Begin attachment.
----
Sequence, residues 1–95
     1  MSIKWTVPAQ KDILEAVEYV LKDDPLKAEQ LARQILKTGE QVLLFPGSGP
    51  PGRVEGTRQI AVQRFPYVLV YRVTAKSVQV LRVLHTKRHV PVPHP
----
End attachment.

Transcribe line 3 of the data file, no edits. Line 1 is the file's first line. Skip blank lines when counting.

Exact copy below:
    51  PGRVEGTRQI AVQRFPYVLV YRVTAKSVQV LRVLHTKRHV PVPHP